Rasheeda Bhagat

The Jantar Mantar victory

Updated on: Apr 11, 2011
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Whether or not a Lokpal can check the monster of corruption, the fact remains that one citizen like Anna Hazare can move and shake the government of a powerful nation like India.

Gali gali mei short hei, hamarey neta chor hei . If one had listened/watched closely enough, this slogan or song would have been part of the four-day storm last week at Delhi's Jantar Mantar that set a cat among the pigeons vis-à-vis our ruling classes. Along with, of course, the overwhelming and deafening chants of Hum hoge kamyab ek din .

A short, humble, low-profile, soft-spoken but, highly respected, Anna Hazare, whose four-day hunger strike brought the UPA Government to its knees, later admitted in a TV interview that all he wanted was to lodge a “small and quiet anti-corruption” protest at Jantar Mantar. “I did not anticipate that this movement will pick up like this… isko kisney chalaya ya badhaya, yeh mujhe nahi maloom, (I have no idea who actually organised or managed such a big movement)”.

Suffice it to say that enraged and depressed at the sheer magnitude of the mega scams that were hitting them in the face at a staggering pace, day after day, millions of Indians were just waiting for somebody… anybody… to give an anti-corruption call. Anna Hazare did it, and the rest is history.

Even though there may be numerous questions on how effective the anti-corruption legislation will be or how a Lokpal can check the colossal monster of corruption in India, the fact remains that one citizen like Anna Hazare, who has with him a handful of activists, such as Arvind Kejriwal, can move and shake the government of a powerful nation like India.

Squabbling, criticism, et al

It is another matter that, now, that Anna has called off his fast, those who stepped in quickly to stand by his side, some out of genuine concern, others for the huge publicity it brought them, are fighting among themselves on the constitution of this panel, which has to submit the draft of the Lokpal Bill by June 30.

Quick to step on the Anna Hazare bandwagon were ‘gurus' with their own huge following… such as Swami Agnivesh, Baba Ramdev, Sri Sri Ravi Shankar, and the like. Baba Ramdev, who himself has been giving out tough messages on corruption during his yoga classes and from other platforms, has done some flip-flop on why the father-son duo of Shanti Bhushan-Prashant Bhushan should be on the panel.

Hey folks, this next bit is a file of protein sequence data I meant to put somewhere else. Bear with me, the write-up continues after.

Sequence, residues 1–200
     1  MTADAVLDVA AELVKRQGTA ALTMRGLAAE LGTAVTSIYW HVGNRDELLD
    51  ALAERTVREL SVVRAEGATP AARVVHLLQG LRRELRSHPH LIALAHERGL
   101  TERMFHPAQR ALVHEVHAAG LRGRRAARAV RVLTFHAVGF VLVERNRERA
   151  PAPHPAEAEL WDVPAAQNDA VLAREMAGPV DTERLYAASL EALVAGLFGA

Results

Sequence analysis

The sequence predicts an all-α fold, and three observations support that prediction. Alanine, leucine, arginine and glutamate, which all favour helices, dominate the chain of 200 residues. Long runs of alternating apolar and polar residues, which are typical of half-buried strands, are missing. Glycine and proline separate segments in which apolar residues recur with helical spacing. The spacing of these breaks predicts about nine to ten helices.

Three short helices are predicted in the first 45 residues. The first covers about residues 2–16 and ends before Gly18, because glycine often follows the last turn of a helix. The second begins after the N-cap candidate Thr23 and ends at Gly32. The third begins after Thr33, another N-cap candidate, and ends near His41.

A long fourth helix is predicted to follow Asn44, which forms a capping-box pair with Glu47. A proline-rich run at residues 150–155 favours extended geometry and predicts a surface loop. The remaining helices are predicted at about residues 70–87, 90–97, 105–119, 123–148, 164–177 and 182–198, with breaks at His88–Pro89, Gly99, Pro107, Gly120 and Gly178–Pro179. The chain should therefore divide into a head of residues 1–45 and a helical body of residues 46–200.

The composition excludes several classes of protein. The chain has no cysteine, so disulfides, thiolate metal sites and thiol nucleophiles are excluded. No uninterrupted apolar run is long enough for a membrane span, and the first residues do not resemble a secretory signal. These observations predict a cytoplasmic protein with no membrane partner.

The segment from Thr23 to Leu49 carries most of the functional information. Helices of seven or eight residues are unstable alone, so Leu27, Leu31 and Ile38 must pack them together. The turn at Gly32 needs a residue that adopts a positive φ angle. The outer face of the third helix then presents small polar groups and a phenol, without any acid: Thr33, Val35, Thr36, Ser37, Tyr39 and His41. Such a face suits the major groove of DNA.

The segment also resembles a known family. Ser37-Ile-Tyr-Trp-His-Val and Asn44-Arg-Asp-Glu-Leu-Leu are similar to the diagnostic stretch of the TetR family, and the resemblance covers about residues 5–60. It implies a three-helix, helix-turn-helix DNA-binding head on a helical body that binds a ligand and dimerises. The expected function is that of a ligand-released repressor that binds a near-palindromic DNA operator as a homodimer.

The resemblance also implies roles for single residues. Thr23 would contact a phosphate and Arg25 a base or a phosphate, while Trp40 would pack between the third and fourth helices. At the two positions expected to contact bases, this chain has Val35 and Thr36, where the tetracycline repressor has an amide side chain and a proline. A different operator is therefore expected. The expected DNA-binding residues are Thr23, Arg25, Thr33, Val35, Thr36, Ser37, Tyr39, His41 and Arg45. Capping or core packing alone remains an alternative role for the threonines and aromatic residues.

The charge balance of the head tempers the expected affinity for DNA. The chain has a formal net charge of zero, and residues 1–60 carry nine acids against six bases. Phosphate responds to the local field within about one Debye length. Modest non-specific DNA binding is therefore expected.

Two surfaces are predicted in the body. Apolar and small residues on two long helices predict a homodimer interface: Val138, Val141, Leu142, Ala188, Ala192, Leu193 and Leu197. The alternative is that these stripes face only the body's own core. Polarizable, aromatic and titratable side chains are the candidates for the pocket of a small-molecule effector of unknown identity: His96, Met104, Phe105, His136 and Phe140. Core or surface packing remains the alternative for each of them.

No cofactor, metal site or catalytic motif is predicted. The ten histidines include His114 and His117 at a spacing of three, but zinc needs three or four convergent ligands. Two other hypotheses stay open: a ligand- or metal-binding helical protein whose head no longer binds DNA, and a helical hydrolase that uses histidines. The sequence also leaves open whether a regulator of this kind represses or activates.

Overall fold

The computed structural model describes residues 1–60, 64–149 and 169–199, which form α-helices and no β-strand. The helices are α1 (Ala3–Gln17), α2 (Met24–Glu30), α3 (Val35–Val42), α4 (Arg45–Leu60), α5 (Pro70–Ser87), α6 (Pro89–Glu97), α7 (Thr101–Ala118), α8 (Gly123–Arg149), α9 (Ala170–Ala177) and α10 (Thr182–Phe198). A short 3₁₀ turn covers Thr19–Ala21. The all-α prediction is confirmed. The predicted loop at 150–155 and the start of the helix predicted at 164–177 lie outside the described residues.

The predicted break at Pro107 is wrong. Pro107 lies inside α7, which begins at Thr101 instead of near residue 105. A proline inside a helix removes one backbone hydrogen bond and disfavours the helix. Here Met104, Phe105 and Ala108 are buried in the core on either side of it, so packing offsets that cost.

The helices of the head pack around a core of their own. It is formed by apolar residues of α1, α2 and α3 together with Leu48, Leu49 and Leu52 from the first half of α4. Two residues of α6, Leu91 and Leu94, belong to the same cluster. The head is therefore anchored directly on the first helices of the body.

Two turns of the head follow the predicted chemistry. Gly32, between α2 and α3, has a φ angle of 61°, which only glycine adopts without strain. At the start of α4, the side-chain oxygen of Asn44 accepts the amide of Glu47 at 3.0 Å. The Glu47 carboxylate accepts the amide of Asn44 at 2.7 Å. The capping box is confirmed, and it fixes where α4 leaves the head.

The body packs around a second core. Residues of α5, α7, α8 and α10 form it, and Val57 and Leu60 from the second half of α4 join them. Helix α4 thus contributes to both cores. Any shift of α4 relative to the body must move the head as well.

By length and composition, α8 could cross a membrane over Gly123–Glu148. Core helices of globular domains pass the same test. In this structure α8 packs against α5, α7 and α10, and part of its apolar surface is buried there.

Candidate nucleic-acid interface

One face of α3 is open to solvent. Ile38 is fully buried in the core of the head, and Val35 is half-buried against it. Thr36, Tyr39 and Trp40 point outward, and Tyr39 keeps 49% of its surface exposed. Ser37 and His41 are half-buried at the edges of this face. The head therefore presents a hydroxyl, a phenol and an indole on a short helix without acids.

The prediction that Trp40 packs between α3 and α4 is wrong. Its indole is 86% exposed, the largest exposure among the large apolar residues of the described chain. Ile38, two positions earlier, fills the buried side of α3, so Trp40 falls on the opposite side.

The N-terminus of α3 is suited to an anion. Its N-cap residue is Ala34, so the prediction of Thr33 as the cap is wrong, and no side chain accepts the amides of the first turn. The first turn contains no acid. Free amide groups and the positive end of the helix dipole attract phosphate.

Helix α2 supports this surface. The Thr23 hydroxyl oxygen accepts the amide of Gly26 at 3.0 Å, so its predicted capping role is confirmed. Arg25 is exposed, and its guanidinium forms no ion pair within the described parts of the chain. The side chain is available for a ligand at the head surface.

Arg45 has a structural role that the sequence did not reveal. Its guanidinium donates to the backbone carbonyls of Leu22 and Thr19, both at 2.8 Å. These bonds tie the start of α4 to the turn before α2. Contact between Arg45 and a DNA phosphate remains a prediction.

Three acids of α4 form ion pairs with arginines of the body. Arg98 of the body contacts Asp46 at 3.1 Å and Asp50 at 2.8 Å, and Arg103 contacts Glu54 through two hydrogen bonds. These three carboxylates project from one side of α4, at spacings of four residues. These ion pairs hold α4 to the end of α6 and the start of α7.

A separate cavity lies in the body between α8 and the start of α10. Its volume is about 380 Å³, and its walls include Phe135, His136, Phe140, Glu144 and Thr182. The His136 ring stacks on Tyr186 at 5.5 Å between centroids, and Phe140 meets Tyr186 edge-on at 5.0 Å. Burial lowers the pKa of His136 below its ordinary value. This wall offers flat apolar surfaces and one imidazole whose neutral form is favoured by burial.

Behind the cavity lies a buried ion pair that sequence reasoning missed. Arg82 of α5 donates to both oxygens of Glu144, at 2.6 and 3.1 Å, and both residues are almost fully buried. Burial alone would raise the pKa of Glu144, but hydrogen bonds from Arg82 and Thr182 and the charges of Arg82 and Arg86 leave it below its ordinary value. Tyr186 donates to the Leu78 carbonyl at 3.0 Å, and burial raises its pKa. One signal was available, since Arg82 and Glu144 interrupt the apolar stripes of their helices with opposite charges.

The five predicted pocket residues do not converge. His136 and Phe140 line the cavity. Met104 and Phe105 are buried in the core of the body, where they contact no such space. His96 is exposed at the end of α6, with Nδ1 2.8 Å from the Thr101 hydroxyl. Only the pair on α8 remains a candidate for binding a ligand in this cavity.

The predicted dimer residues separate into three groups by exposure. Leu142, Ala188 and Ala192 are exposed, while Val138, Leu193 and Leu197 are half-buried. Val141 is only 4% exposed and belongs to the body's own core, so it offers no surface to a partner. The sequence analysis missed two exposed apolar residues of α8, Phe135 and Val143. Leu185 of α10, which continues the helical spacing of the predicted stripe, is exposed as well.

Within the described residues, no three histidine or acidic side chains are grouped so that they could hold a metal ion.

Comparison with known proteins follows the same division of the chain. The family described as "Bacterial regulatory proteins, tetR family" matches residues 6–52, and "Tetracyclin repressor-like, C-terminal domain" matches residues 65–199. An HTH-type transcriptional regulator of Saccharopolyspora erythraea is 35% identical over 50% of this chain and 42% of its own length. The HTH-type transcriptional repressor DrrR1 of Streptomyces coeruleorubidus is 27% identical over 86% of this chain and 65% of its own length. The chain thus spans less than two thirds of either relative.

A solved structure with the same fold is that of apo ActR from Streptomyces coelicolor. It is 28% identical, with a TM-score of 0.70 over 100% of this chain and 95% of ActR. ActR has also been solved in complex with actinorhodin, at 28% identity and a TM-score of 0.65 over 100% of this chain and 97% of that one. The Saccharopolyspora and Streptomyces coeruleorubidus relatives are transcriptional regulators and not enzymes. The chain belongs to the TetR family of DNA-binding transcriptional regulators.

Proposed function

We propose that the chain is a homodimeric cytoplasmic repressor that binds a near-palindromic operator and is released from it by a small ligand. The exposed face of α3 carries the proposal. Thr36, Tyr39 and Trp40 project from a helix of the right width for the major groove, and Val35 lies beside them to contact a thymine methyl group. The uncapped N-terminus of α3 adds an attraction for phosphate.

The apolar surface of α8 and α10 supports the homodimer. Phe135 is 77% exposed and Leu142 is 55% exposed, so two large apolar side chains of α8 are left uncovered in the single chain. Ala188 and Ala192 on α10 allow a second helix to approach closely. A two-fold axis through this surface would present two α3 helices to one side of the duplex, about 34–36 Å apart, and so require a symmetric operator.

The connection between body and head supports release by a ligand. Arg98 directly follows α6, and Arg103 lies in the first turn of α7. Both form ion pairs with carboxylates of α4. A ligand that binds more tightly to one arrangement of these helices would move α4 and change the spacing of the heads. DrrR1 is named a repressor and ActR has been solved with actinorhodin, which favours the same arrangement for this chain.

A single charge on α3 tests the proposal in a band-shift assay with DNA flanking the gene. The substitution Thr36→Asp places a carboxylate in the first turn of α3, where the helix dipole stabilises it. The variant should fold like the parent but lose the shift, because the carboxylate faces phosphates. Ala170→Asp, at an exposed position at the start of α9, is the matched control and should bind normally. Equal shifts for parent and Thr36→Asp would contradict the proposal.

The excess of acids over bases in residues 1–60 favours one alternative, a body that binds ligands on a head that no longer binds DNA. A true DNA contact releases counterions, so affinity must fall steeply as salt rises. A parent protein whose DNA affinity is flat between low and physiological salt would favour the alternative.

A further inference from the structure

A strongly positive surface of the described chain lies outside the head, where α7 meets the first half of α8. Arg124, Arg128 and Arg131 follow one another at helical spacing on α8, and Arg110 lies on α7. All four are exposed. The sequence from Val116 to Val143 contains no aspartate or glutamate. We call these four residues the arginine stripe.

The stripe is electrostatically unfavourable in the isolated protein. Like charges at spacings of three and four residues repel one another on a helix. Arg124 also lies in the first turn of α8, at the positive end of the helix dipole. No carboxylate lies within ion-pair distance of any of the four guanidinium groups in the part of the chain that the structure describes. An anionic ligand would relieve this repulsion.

Others from the “thinking classes” — the media included, a part of which is also mired in corruption of various hues and nuances — have been scathing in their criticism of placing too much hope in the institution of a Lokpal. Some have questioned the involvement of representatives from civil society, particularly NGOs, many of whom are widely known to be running rackets of their own with the huge funds they raise.

Of course, you'd have to be immensely naïve to think that one such movement begun by a Gandhian will give us clean governance. This is not going to happen. Period. The same netas, who showed such concern about Anna Hazare's physical condition on the third and fourth day of the fast, must have been sniggering in private circles — this time not before any diplomats as they should have learnt this lesson at least from WikiLeaks — about how little such movements can achieve.

Touching a raw nerve

Scepticism and cynicism apart, what Anna Hazare's time-tested method — hunger strike — managed to do was touch a raw nerve in millions of ordinary Indians. Forget the tweets and Facebook messages of gen-X and the celebrities which, of course, helped fuel the movement, similar to the Jasmine revolution of Egypt. Ordinary middle-class Indians, infuriated with politicians and their cronies siphoning off thousands of crores of rupees, which could have gone to improve their lives, educated their children, given them better health care, irrigation facilities, power supply, etc, turned up to support the cause.

The electrifying atmosphere — the dholaks and the singing — set the Jantar Mantar movement apart from what we have seen till now. Though the chief protagonist might try to strike a note of caution by saying that the fight has just begun, what he has managed to do is rally people around a simple Gandhian idea: Non-violent protest to get your objective. And, that too, just at a time when India was beginning to forget the powerful tool called Gandhigiri.

The flip side

But, then, everything in life has its flip side and what would be infuriating to note, if not hilarious, is that Anna's anti-corruption protest has given a zing to the otherwise dull election campaign in States such as Tamil Nadu, West Bengal, Kerala and Assam.

And, so, we had Congress netas beginning with the Prime Minister, Dr Manmohan Singh, and Mr Rahul Gandhi talking about “corruption, land grabbing” and so on, in the Left-ruled States; the AIADMK chief, Ms J. Jayalalithaa denouncing the DMK for the mother of all scams called 2G; the DMK Chief, Mr M. Karunanidhi saying scathingly that of all the people he didn't need lessons in integrity from her , and the BJP leader, Mr L. K. Advani castigating the Prime Minister for “presiding over the most corrupt government in Independent India.”

Each party is, of course, hoping that forceful criticism of the ruling dispensation in the States will help overthrow those governments. After all, didn't the anti-corruption crusader, Anna Hazare, too fast at Delhi's Jantar Mantar to combat corruption? Listening to these netas' ‘impassioned pleas and fiery crusades' against corruption, at some point, Anna Hazare himself might start wondering what the fuss was all about!

Response may be sent to rasheeda@thehindu.co.in and blfeedback@thehindu.co.in

Published on December 14, 2011

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